UK Home Office dishes out contracts to 999 control room vendors after wasting cash on network tech it abandoned

Another chapter in the sorry Emergency Services Network saga

Capita's contract to hook up emergency services control rooms under the UK's troubled Emergency Services Network (ESN) is being renewed for £6.5m without competition.

The outsourcer has become the latest in a list of control system software suppliers to win the Home Office's favour without having to fight it out against rivals over contracts that could total £32.5m.

Firefighters to UK Home Office: Yeah, maybe don't turn off emergency comms network before replacement is ready


The Home Office has decided to award the deals to ensure that police, fire and ambulance control centres are able to link up with the new ESN, whenever it finally arrives. It was originally set to go live in 2017, but has been dogged by delays and is £3bn over budget. The expected go-live date for the new communications network is now set for 2024. The project was completely revised in 2018.

The government department's first plan to link to the ESN was using Motorola Wave7000. It offered grants to ESN end-user organisations to help pay control centre vendors for the necessary integration work.

But when the decision was taken to shift to Motorola's Kodiak system instead, it left users high and dry, or, as the contract award notice put it: "As a result of the recent reset of the programme, the ESN solution has moved from Wave7000 to Kodiak, meaning that any investment in and development of a Wave7000 interface was lost.

"The Secretary of State for the Home Department, therefore, concluded that, to meet the programme timetable and to avoid duplicating costs, it would contract directly with the ICCS [Integrated Communications and Control Solution] vendors to upgrade their solutions to Kodiak."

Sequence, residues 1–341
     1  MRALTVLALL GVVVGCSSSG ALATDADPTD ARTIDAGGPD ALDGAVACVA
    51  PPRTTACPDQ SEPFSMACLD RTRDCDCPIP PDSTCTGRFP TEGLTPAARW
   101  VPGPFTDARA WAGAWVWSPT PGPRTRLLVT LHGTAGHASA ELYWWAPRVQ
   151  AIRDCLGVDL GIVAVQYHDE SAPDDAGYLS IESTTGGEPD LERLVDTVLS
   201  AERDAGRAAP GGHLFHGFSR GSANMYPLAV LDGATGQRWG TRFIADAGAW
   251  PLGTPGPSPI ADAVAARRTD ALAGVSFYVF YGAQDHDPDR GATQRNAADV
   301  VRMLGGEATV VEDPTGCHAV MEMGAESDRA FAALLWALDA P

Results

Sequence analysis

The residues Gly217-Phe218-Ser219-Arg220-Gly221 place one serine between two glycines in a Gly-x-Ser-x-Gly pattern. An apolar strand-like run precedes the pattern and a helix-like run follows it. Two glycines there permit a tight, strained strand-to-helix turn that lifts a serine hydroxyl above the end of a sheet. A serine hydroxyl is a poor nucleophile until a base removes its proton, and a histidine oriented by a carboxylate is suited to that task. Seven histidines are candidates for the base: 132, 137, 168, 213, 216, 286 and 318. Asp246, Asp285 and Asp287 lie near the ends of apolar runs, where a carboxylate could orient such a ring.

super happy

Capita hops on UK's years-late, billions-over-budget Emergency Services Network to keep legacy system alive


Capita is one of five control room vendors to get the work without further competition. Each contract is set to be worth up to £6.5m. The other companies on the list are Saab, Systemes et Telecommunications, Frequentis, and APD Communications.

The public sector can get around competitive procurement rules because the "necessary proprietary intellectual property rights required to be licensed under the contract" are owned by the vendor. "There is no reasonable alternative to the awardee in the circumstances," the award notices said.

Earlier this week there was some good news for the troubled ESN project as it completed its 500th base station.

Users, however, remain sceptical about progress. Buckinghamshire & Milton Keynes Fire Authority has pointed out that the current system, Airwave, is set to be turned off well before the deadline for rolling out ESN. The official date for turning off Airwave is still 2022.

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Meanwhile, Capita has not covered itself in glory providing control centre software. In March, a report by the Police Inspectorate found that the implementation of Greater Manchester Police's new IT system led to a huge backlog in dealing with crime.

"Many of the staff we spoke to still lack confidence in iOPS and the PoliceWorks system. In particular, problems with the system's speed and functionality, coupled with issues regarding data quality and the ability to search systems," it said.

Greater Manchester Police chief constable Ian Hopkins later said the force had "worked closely with a number of external agencies in order to mitigate reduced service levels and continue to work with Capita to ensure advancements in the system are maximised and tailored to suit the needs of GMP". ®

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